Longhorn Beetle

Oncideres rhodosticta

Mesquite Girdler, Oncideres rhodosticta, photo © by Mike Plagens

This is a male of the Mesquite Girdler, Oncideres rhodosticta, as evidenced by the exceptionally long antennae. These long antennae are the 'horns' in the common name. The beetle was at the lights illuminating a tennis court at Rio Rico, Sta, Cruz Co., Arizona. July 2010.

Cerambycidae -- Long-horned Beetle Family

Sponsored Links

Mesquite trees (e.g. Prosopis velutina) are frequently found with dead twigs, mostly 2 to 3 cm in diameter. Each dead twig served as a nursery for a developing Mesquite Girdler that tunneled its length. Adult females chew a groove around a twig cutting off sap flow thus permitting unhindered feeding by the developing grub within.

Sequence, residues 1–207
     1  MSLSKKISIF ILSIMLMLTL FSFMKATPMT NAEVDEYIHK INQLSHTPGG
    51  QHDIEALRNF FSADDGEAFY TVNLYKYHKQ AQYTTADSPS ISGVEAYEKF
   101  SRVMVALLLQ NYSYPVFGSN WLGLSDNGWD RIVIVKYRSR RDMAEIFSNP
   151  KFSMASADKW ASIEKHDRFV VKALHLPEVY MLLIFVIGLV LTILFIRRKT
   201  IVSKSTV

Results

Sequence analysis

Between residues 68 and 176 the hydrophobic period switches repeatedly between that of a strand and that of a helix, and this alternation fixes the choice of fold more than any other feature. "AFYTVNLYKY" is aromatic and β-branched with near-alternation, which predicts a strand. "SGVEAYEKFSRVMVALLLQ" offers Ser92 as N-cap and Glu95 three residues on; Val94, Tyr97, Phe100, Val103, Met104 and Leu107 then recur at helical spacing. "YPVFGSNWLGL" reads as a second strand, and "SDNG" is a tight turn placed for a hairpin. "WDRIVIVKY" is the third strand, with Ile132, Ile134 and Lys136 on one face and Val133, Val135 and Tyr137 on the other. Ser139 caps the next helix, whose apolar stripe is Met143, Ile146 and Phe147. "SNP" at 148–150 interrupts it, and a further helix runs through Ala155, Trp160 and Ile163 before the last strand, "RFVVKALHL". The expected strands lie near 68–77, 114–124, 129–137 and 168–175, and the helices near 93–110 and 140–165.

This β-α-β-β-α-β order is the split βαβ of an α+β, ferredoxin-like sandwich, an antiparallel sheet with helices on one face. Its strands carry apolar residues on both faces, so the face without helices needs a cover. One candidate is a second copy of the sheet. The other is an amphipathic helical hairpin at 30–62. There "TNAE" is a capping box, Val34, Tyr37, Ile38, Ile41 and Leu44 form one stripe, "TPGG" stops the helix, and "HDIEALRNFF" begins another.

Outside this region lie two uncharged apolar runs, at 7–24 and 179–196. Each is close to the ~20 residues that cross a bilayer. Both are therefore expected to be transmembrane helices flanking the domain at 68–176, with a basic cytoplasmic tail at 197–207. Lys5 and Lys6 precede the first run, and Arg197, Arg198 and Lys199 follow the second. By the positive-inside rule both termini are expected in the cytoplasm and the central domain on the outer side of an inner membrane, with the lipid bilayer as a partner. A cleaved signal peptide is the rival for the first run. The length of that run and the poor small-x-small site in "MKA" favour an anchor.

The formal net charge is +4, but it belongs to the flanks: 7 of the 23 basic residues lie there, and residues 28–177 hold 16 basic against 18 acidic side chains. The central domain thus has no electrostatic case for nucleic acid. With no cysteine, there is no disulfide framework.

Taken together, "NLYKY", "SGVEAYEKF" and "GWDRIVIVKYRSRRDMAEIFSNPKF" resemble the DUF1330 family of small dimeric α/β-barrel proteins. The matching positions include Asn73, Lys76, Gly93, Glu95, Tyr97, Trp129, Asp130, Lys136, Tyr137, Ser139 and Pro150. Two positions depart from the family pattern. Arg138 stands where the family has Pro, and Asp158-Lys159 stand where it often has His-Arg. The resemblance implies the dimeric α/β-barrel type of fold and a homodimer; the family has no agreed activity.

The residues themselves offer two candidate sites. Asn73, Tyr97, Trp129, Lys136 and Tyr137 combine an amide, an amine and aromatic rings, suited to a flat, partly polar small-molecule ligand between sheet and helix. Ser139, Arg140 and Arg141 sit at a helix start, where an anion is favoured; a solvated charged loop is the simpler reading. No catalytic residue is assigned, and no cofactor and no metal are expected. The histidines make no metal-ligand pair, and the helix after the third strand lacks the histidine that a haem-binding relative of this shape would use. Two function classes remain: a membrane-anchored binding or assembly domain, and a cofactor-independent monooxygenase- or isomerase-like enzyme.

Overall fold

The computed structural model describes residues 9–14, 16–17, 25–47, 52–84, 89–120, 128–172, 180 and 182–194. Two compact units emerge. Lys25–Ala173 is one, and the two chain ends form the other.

Eventually the hollowed twigs break off, but until then the twigs become important nesting sites for native pollinator bees and arboreal ants. These subsequent guests are beneficial to the tree. The pruning activities of mesquite girdlers in the wild environment often results in beautiful trees that no gardener could duplicate.

More Information:

Sponsored Links:

Sonoran Desert Field Guide
Sonoran Desert Places
Sonoran Desert Naturalist Home Page


Copyright Michael J. Plagens, page created 26 Aug. 2010,
updated 23 Aug. 2015.